APD continues to hurt the UK market to the Caribbean. Ian Taylor reports
UK arrivals to the Caribbean fell 10% in the first quarter of 2012, amid continuing anger at the high rate of Air Passenger Duty (APD) on fares to the region.
Caribbean Tourism Organisation (CTO) figures show a 25,000 drop in UK numbers to the islands for the January to March period, following a fall last year for the third year in succession.
However, almost all the decline this year has been to the Dominican Republic and Cuba, suggesting it is the lower end of the market that is suffering. The Dominican Republic saw almost 13,000 fewer visitors and Cuba 11,000 fewer.
Jamaica and Barbados also saw declines, but other islands showed an increase in UK arrivals, including Saint Lucia, Antigua, and St Vincent and the Grenadines.
UK holiday departures worldwide fell 3% in the first three months of 2012 – one-third the rate of decline to the Caribbean – while the fall to the region last year came against a 3.3% rise in total visitors to the Caribbean.
However, the Caricom group of islands – largely made up of former members of the British West Indies and the most dependent on UK arrivals – did see an increase last year.
The figures appear to confirm fears that APD is squeezing the Caribbean market, with the tax on fares higher than to the US. But the effect is not uniform.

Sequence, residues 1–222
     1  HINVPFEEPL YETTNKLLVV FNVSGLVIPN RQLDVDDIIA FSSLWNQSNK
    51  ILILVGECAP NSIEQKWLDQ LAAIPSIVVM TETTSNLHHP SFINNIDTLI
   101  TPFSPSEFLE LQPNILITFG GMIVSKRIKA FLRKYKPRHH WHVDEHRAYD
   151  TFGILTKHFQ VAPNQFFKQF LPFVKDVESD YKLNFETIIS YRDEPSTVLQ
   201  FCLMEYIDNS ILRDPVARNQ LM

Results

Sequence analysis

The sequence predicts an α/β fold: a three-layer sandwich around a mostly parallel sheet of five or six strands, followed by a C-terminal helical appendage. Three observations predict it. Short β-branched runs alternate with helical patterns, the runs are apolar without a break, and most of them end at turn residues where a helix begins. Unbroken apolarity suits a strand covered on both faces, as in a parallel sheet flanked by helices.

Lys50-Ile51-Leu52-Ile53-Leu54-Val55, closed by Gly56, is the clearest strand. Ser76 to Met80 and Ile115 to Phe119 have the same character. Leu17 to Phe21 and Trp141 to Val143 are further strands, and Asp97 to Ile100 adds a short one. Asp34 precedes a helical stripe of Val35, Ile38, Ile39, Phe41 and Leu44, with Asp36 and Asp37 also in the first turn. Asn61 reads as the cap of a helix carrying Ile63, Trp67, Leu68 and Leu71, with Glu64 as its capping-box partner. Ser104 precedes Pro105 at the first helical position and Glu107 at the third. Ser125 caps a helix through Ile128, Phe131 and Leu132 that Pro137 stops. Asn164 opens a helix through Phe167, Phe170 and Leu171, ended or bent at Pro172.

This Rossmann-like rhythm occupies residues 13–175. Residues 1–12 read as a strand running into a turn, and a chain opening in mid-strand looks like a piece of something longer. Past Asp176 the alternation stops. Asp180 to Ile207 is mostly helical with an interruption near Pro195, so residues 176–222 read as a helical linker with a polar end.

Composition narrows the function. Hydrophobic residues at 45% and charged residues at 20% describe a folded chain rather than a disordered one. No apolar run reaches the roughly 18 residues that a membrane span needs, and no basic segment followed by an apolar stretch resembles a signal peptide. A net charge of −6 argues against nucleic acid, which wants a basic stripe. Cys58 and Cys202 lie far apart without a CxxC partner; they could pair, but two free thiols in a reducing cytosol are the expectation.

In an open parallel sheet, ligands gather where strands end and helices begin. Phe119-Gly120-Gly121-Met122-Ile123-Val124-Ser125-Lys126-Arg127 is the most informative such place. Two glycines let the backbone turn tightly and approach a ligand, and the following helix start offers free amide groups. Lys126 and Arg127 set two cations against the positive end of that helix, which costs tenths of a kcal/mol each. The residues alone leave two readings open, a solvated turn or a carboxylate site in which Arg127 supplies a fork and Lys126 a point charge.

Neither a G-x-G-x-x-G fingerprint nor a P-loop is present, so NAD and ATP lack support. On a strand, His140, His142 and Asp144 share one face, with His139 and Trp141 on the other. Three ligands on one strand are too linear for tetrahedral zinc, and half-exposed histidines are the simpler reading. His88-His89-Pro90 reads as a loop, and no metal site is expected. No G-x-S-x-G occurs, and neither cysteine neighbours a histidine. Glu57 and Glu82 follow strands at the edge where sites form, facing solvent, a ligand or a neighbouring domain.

Latest figures from the UK tax office, HM Revenue & Customs, confirm a fall in the number of passengers paying the band C rate of APD – the rate to the Caribbean – this year.
HMRC reported a 0.6% increase in total APD payments by passengers in the three months to May, but a 0.8% decline in passengers making band C payments. By contrast, band B payments (to the US and the Middle East) rose 1.3%.
The CTO greeted confirmation that the UK would retain the existing APD bands last December as “a slap in the face”.
CTO chairman Ricky Skerritt, minister of tourism for St Kitts and Nevis, said: “It dismisses all the research the CTO has provided the British government over the past three years.”
However, some Caribbean islands stand accused of exacerbating the problem by adding taxes of their own.
Jamaica introduced a $20 (£12.50) per person arrival tax in August and added a room occupancy tax of $1‑$4 (60p‑£2.50) a night in September. Antigua recently increased airport taxes, raising the charge per passenger from $63.75 (£40) to $93.75 (£58).
British Airways confirmed it has switched flights from the Caribbean to the US this year because of the impact on demand.
Colm Lacy, BA’s head of commercial at Gatwick, said: “We took three services from the Caribbean this summer to add extra Orlando services because APD is £64 cheaper for a family of four. We’ve seen the seats filled. We feel we made the right decision.”
BA will switch further capacity in October to start a three-times-a-week service to Las Vegas from Gatwick. Lacy said: “APD is cheaper to Las Vegas, although the flight is significantly farther.”
Holidaymakers to the Caribbean pay £81 APD on economy fares, when the rate to Orlando or Las Vegas is £65.
Rates to the region will rise again next April to £83 in economy and £166 in premium economy.
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